Red Sox: Are they better at home than on the road?

BOSTON, MA - AUGUST 1: Xander Bogaerts
BOSTON, MA - AUGUST 1: Xander Bogaerts /

With 8 walk off wins and a 36-20 record, it’s safe to say that the 2017 Boston Red Sox enjoy playing at Fenway Park.

Their 8 walk offs (so far) are the most for the team in a season since 2014. They have a legitimate shot at ending the year with double digits walk offs. The last Red Sox team to accomplish that? 2013.

Now, this is not the same team as the 2013 World Series Champs. That was a team built around heart, passion, and great beards. The ‘13 team was in first place for 164 calendar days! The ‘17 Red Sox have only spent 52 days in first place, with the chance to tack on another 59 at the most.

There are some positive similarities between these two teams though. The ‘13 Red Sox never spent a day under .500. At 16 games over right now, it would take a 2011 “fired chicken and beer”-esq collapse for the ’17 Red Sox to sniff 82 losses.

The ‘17 version of the Red Sox are sitting that far over the .500 mark for one reason: They love playing at home. They are 36-20 in the shadow of the Monstah, and that’s where their 16 game bump has come from. That is excellent, however, that means they’re a .500 team on the road. Road warriors they are not.

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What does that mean for this team’s chances if the Red Sox are just average on the road? I took a look to see how some recent World Series winners split on the road.

The 2016 WS Chicago Cubs were 46-34 on the road (12 games over .500). In 2015, the WS Kansas City Royals were 44-37 (7 games over .500). The 2014 WS San Francisco Giants, Pablo Sandoval and all, had a road record of 43-38 (5 games over .500).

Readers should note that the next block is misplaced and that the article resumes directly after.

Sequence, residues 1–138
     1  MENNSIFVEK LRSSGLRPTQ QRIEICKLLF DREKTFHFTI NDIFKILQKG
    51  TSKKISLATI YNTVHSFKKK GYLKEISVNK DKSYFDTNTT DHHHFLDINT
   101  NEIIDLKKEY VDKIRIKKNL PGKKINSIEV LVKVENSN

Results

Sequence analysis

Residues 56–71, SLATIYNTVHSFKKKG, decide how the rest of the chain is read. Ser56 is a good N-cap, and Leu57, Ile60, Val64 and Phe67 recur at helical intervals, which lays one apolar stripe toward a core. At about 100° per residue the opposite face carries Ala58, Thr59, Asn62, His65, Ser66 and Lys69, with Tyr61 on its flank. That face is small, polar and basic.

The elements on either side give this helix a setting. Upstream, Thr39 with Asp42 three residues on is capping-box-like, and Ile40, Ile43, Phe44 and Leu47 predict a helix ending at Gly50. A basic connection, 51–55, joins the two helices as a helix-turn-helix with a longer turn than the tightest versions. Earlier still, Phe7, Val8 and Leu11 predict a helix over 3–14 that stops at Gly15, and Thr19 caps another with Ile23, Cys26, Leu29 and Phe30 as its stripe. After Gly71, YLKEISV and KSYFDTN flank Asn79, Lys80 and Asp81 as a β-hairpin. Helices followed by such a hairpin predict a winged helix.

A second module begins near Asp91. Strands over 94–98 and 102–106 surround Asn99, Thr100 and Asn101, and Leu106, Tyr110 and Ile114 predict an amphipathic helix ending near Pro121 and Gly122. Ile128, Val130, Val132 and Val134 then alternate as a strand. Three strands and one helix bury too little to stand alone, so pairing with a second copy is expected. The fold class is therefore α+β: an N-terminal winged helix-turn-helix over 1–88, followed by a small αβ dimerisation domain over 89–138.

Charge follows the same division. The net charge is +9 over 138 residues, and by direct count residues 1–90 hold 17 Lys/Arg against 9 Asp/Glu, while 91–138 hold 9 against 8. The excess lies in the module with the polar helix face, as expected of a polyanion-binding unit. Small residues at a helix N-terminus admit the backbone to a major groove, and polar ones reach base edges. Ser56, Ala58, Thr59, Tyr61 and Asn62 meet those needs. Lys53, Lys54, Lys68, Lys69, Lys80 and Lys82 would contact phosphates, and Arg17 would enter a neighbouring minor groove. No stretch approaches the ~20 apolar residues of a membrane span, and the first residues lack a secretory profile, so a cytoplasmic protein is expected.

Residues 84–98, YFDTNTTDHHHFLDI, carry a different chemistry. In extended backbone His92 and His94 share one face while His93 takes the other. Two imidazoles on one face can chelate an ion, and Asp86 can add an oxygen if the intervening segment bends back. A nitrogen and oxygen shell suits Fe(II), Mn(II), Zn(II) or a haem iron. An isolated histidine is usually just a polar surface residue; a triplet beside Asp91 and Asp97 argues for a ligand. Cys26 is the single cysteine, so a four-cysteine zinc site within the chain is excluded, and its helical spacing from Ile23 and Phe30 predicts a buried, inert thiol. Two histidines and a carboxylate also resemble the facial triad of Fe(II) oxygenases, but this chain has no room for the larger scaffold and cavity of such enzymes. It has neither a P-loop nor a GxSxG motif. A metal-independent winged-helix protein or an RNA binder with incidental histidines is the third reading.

Going all the way back to the 2013 Red Sox again (44-37 on the road) tells us that if you want to make a deep postseason run, you need to be winning on the road. This isn’t rocket science here.

The last team to win the World Series with a .500 or under road split was the 2006 St. Louis Cardinals. They finished the season at 83- 79, and 34-47 on the road. Safe to say, it’s not a common occurrence

Every ballpark is different, and it’s one of the things that makes this game so great. You have pitcher’s parks, you have batter’s parks, you have super shallow right fields (couch cough), and you have places where it’s 420 plus feet to dead center. To win it all, you have to be able to win anywhere, and that is one place where the 2017 Red Sox need to improve.

On last historical comparison here: The 2016 Cleveland Indians finished 41-39 on the road. They also lost their last game of the year. They took 2 out of 3 on the road in last year’s World Series. However, one more road win would have ended with a parade in Cleveland.

There is still plenty of time for this year’s Red Sox to finish with a winning road record. They have 23 more road games, and they are currently the hottest team in baseball. All but two of these upcoming road series are against divisional opponents, and with a strong run at the end of the season, the Red Sox can put some serious distance between themselves and second place. Proving they can win on the road will be the bonus there.

This Red Sox team is very, very good at home. You don’t walk off this many games without being special. They play 25 more games at Fenway this year and have a serious chance to make a run for the best record in the American League.

It looked like the Houston Astros were going to run away with home field advantage as early as this June. They’re 71-42 with a 13 game lead in the AL West but haven’t looked quite as dominant recently. In fact, since the All-Star break, they are actually 11-13, including being 2-6 in the month of August.

The Sox are on fire and Houston looks to be stumbling after deciding against any major moves at the trade deadline. If the Red Sox keep their feet on the gas (unlike last year where they limped into the postseason and got swept by Cleveland) they have a real chance to dethrone the Astros.

Next: Red Sox Thoughts: Andrew Benintendi beginning to hit his stride

Obviously, the first goal is winning the AL East and keeping the Yankees and Rays at bay. But if a team with a middling road split can make the path to the World Series run through Fenway Park, they should do everything they can to take that top spot.